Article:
Restoring garage floor

The floor of my recently inherited garage is in a bad way. The surface is disintegrating, liberating dust and aggregate, and leaving large but shallow depressions. The proper remedy would be to dig it up and re-lay it from scratch, but that's not going to happen. The alternatives that I envisage are a wash of dilute PVA, which doesn't strike me as being very substantial and probably not very effective or long term, or a layer of levelling compound, possibly after a preliminary treatment with PVA.
Thoughts and alternatives please.
--

Chris

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On 29/03/2017 17:04, Chris Hogg wrote:

Quite by chance, when we had our kitchen redone, I took up the old 'cushion' flooring and put it in the garage. The idea was to show the chap laying the replacement the shape to help him cut out the new stuff etc (the new layout was much the same).
While the garage floor wasn't in bad condition, like all concrete floors, it is dusty etc. The cushion floor doesn't cover it all but more than enough to be worth while (its is a double garage and the kitchen isn't small).
Oil etc just 'wipes up', much less dust when cleaning etc. No trouble with slipping etc.
I'd not suggest buying new cushion floor but, if you can get some that is being disposed of, it is worth considering.
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Brian Reay wrote:

Or carpet - sections often come up on Freecycle etc when people are relaying rooms and it works rather nicely underfoot.
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On 29/03/17 18:35, Scott M wrote:

I don't drive a car on to it, but old office carpet floor tiles work very well in mine, in preserving the floor.
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Yeah, quite a few of the garage sales have it in their garage.
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I always cycle old carpet out via the garage/workshop. When it becomes too soiled I throw it away. Much nicer to stand on than bare concrete.
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On 29/03/2017 22:56, Huge wrote:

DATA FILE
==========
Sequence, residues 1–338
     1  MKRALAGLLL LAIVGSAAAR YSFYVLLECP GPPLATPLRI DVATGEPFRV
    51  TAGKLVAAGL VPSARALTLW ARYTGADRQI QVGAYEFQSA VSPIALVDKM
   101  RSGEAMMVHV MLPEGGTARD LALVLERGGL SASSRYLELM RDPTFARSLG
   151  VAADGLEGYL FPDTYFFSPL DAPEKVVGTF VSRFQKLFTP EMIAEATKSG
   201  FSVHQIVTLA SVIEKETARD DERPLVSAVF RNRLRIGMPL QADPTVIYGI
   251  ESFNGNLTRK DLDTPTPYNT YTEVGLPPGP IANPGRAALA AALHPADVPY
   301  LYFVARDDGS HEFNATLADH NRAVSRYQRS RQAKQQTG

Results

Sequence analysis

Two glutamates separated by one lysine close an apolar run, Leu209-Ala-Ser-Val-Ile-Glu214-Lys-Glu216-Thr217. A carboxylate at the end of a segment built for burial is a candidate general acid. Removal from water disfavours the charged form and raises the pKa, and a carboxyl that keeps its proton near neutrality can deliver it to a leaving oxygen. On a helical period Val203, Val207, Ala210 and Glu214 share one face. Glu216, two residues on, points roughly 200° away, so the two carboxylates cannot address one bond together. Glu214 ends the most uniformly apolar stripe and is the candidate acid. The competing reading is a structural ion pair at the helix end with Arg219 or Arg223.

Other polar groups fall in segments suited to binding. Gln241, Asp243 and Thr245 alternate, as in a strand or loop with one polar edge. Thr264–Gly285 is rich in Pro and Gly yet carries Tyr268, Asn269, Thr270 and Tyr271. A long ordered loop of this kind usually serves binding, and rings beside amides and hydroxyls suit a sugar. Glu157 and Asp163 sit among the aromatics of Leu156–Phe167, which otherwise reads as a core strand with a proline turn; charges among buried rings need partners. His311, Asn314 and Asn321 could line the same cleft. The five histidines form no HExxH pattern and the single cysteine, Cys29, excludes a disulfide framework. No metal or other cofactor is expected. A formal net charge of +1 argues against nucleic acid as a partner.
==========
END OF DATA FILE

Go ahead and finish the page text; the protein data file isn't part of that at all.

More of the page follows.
Indeed, I have a strip of carpet across the back, in front of the workbench.
Avoid areas where rain from a wet car etc may drip on it or it can get oil dripped on it when doing servicing etc.
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On 29/03/2017 17:04, Chris Hogg wrote:

I would sweep up the loose stuff, give a good going over with SBR, then lay self levelling on it (patching any deep holes with a SBR mortar mix if needs be first)
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On 29/03/17 19:19, John Rumm wrote:

+1
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On 29/03/17 17:04, Chris Hogg wrote:

I painted one once. Thats stabilized it.
PVA is good too.
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On 29/03/17 20:15, The Natural Philosopher wrote:

PVA is less good for a damp floor.
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On Wed, 29 Mar 2017 20:15:48 +0100, The Natural Philosopher wrote:

When I built a shed from scracth about 8 years ago the floor was 18mm WBP. I painted it with a water-based(!) B&Q fence gloop of a horrible colour (too lurid to be used outside). It's a bit worn arount the doorway but OK. After re-roofing the brick shed last year I used the same stuff on the sound concrete floor and so far it's OK and there's no dust. Obviously no good for poor concrete.
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Many thanks for the suggestions. SBR followed by self-levelling compound looks the way to go, and not too physically taxing either!
--

Chris

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On 30/03/2017 22:29, Chris Hogg wrote:

Please report back, I've got a similar job to do later this year.
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On Fri, 31 Mar 2017 00:04:47 +0100, snipped-for-privacy@thanks.com wrote:

Don't hold your breath! There's lots to do before the garage floor. It's low down on the list, but I like to get an idea as to what I intend to do, well in advance.
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Chris

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On 31/03/2017 07:57, Chris Hogg wrote:

Having looked in a bit more detail this one looks like it's beyond resuscitation and will need breaking out completely and a new floor laying :-( Can anyone suggest a hard-wearing screed that will tolerate being used as a workshop floor, preferably without needing painting to prevent dust?
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On Sunday, 2 April 2017 19:31:53 UTC+1, snipped-for-privacy@thanks.com wrote:

Maybe you're right, but... I can't help remember one wall that was disinteg rating, stuff fell off every time it was touched. Plenty of very dilute pva later it was solid enough to refinish and serve many more years. Then ther e was another wall where the plaster had crazed into pieces, many of which were wobbling slightly. Pour dilute pva down the back of the plaster pieces and it all became a solid finish again. What have you got to lose trying s ome dilute SBR?

Concrete dusts, its the nature of the thing. Epoxy is the ultimate concrete finish. A soaking in SBR could certainly help.
NT
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